Kentucky Health News
Twenty years ago, Lexington became the first city in the South of Midwest to make indoor smoking in public places illegal. It’s had a big impact there and in several other Kentucky cities, but only three in eight Kentuckains live in a place with such an ordinance.
In 2014, electronic cigarettes, “addictive and popular among youth, were added to the ban,” Latek notes. “In the 20 years since Lexington’s smoke-free law passed, 57 additional Kentucky municipalities have passed smoke-free laws, protecting 38% of Kentuckians.”
“The number of people benefiting is considerably higher, as residents of counties that don’t protect against secondhand smoke travel to cities that do in order to work, shop, do business, dine and have fun,” writes Jamie Lucke of Kentucky Lantern.
But despite Kentucky’s high smoking rate and tobacco’s effect on the state’s health, bills to enact a statewide indoor-smoking ban couldn’t get through the General Assembly even when the House was conrolled by Democrats, and now that it and the Senate are heavily Republican, advocates have given up on the idea, at least for now. So they concentrate on local ordinances.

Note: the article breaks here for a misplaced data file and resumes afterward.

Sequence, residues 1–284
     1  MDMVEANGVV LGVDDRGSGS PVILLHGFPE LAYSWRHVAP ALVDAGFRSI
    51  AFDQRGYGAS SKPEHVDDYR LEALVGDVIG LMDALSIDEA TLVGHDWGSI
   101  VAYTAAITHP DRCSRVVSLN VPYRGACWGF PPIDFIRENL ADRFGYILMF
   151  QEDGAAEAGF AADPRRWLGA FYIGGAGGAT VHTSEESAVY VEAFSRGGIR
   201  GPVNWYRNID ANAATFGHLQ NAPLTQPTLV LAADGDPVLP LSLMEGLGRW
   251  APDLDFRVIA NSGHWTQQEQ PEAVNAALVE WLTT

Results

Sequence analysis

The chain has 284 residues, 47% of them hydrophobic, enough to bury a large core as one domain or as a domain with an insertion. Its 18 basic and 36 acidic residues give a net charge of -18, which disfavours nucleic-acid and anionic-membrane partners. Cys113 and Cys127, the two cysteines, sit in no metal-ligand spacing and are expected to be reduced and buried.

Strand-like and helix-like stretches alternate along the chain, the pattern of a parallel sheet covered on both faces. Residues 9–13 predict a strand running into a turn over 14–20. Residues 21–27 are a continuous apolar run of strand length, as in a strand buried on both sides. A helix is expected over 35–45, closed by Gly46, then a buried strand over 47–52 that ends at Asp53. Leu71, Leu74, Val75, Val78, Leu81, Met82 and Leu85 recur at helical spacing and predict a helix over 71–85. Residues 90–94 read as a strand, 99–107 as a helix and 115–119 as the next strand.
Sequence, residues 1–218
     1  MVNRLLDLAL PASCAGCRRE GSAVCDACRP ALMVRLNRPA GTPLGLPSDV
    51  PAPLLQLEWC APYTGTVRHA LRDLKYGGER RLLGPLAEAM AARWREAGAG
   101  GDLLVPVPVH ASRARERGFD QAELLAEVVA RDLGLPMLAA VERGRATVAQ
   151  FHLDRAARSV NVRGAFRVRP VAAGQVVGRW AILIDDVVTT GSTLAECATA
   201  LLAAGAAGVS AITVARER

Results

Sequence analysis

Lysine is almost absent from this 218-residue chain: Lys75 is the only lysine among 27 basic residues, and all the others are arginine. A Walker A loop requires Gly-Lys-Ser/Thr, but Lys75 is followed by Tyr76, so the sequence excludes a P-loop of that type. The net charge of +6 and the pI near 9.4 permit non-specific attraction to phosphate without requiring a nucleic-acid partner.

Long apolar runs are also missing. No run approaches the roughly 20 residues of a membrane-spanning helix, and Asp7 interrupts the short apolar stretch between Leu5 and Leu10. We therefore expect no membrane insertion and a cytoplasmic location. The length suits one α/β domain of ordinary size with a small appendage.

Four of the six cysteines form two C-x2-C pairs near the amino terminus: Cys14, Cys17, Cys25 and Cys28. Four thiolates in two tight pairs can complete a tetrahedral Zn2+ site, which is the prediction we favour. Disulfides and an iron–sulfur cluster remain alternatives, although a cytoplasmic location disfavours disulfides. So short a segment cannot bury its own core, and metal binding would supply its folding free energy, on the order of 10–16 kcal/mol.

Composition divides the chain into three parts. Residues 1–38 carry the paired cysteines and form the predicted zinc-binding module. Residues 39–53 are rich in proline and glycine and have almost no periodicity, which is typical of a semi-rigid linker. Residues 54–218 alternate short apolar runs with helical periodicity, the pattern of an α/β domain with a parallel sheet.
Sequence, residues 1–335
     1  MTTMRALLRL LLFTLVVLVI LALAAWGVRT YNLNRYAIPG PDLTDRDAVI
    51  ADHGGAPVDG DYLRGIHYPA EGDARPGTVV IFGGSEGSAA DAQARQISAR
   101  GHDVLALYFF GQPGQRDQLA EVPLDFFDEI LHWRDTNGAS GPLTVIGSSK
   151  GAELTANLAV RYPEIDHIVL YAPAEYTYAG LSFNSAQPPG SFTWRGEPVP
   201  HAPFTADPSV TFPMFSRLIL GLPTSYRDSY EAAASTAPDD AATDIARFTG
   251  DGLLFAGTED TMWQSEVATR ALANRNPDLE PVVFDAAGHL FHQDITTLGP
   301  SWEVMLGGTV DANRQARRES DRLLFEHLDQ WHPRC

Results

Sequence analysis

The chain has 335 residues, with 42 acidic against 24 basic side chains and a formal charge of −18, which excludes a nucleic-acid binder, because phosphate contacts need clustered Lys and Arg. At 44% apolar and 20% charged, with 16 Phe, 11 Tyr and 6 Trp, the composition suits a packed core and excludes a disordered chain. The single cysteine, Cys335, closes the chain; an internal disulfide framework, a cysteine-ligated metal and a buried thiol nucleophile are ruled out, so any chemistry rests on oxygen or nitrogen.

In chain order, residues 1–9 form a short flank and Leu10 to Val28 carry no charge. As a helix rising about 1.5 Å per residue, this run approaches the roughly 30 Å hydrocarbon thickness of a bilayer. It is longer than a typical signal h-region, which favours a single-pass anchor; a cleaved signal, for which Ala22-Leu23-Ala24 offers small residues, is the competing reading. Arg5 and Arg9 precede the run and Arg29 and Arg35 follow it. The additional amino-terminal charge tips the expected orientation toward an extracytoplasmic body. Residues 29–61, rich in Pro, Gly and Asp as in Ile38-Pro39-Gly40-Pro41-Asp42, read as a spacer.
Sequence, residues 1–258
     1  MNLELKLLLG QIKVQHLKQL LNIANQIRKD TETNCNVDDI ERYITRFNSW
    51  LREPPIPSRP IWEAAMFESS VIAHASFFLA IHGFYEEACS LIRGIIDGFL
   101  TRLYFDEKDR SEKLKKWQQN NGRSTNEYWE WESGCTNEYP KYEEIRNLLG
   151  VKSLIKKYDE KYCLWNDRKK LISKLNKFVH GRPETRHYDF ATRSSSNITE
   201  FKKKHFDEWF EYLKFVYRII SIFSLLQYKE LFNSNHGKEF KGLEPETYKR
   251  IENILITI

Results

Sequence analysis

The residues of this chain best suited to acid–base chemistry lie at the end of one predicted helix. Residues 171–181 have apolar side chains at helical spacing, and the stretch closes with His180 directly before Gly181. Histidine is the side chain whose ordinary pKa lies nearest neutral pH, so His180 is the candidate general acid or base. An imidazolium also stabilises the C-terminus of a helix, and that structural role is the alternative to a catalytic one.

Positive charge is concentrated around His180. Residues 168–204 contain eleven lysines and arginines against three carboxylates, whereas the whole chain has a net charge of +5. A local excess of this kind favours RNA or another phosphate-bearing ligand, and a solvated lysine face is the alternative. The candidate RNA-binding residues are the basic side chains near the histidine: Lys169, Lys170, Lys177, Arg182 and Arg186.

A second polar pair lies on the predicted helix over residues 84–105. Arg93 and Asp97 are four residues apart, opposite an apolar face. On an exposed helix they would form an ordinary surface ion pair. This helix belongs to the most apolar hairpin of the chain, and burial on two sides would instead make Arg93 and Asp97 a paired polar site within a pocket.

“Policy change takes time, often decades,” says Ellen Hahn, the University of Kentucky nursing professor who has been the leading advocate of smoke-free ordinances. “Policy change is also a team sport. While a few people can make a difference, I could not stick with it without support from others.
“As a nurse, I am naturally a patient advocate, giving voice to the voiceless, and as a public health nurse, my patient is the community. I am willing to wait for effective change. . . . The payoff for society is definitely worth the wait.”
Hahn told Lucke that she wishes for four things: “A comprehensive smoke-free law that covers every community in the state . . . a strong, hard-hitting media campaign” against heavily promoted tobacco products; higher cigarette taxes, which Lucke notes “deter young people from starting and to motivate adults to quit;” and more smoking-cessation services. “Kentucky spends just 3.5% of what the Centers for Disease Control and Prevention recommends on tobacco control and prevention,” Lucke notes.
“It’s really not a shock that we have such high smoking rates,” Hahn told Lucke. “We don’t invest in prevention. And the sad part is we know what works to reduce smoking. We’re just not doing it.”